…Both are good things, right?
Are they the same thing?
If someone says “I am so joyful,” is that essentially saying, “I am so happy”?
May the God of hope fill you with all joy and peace as you trust in Him, so that you may overflow with hope by the power of the Holy Spirit.
Happiness is certainly an outpour of experiencing His joy. And how is that joy attained?
Maybe the issue isn’t in the difference between joy and happiness, but in the goal being for our own contentment or pleasure.
Everyone who is called by my name, whom I created for my glory, whom I formed and made.
Our purpose, our very creation is for the glory of the Creator. Sinful humanity has, since the first humans, strayed from this core-shaking Truth.
My purpose isn’t to reap joy, contentment, or pleasure for myself. It is to glorify another Name entirely.
For we are his workmanship, created in Christ Jesus for good works, which God prepared beforehand, that we should walk in them.
If my purpose is to glorify Him, and He calls me to good works, glorifying Him must be good.
^This “goodness” is fact, and relational, not the purpose.
THIS GOODNESS, this Joy, is a result of His gift– a gift that in my sinful nature, I do not deserve.
Then Jesus said to his disciples, “Whoever wants to be my disciple must deny themselves and take up their cross and follow me.”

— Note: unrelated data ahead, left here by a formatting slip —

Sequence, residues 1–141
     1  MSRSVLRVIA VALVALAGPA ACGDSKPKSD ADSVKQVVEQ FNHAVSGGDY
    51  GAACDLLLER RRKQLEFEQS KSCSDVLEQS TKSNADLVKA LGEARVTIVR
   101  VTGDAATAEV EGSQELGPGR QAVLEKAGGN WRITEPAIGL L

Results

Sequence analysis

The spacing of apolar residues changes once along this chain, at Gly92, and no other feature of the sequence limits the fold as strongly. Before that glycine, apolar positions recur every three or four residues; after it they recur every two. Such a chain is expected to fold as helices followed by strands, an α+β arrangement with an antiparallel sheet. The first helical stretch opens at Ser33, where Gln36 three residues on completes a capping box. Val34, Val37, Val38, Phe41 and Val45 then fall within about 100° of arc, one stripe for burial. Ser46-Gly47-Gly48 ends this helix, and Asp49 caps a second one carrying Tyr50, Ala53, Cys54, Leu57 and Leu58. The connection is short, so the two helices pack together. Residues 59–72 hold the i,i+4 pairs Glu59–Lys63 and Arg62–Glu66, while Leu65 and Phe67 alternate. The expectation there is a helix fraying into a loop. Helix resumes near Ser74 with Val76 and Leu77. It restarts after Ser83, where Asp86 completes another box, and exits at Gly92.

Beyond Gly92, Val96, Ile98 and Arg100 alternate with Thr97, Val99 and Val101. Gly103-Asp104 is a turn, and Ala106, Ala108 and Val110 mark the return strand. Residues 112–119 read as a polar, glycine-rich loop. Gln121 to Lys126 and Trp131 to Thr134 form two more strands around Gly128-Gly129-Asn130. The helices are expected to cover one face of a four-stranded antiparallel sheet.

We are not promised happiness, or personal fulfillment in this life. Rather, we are told that following the Creator means humbling ourSELVES and looking to HIM.
And here’s a Truth:
When I whittle about in my own plans, my own efforts, and attempting to satisfy selfish desires, I am convicted, tired, and miserable.
When, by His grace, I reckon the Truth that I am nothing without Jesus, that I am His and not my own, that my plans are withering more quickly than I can ever comprehend, that a life of fulfilling temporary pleasures is an imagined life– I am more joyful, slower to anger, better all for Him– than I could ever imagine being without Him.
That JOYOUS LIVING is a result of, as Jesus says in the book of Matthew, denying ourSELVES and following HIM.
So the question of “my joy” is nowhere in my concern or purpose, but only am I concerned with Jesus’ renown. This is the living I was created for, and when I respond to His voice and understand that the joy is a gift I don’t deserve, I can’t for a moment deny that I was created for Him alone. I am nothing.
And what does following Jesus look like? What is His example?
Do nothing out of selfish ambition or vain conceit. Rather, in humility value others above yourselves, not looking to your own interests but each of you to the interests of the others.
In your relationships with one another, have the same mindset as Christ Jesus:
Who, being in very nature God,
did not consider equality with God something to be used to his own advantage;
rather, he made himself nothing
by taking the very nature of a servant,
being made in human likeness.
And being found in appearance as a man,
he humbled himself
by becoming obedient to death—
even death on a cross!
I don’t want happiness. Jesus didn’t create me “to be happy for the blink of an eye on a planet of dust.” That very thought is laughable!
I want Jesus all in all.
Jesus, make us more like You, now. Not with the premise of “going to Heaven” or any other selfish motives that humanity has tried to teach us. Breathe the understanding that our createdness, our most joyful place, is actually when “we” are out of the picture.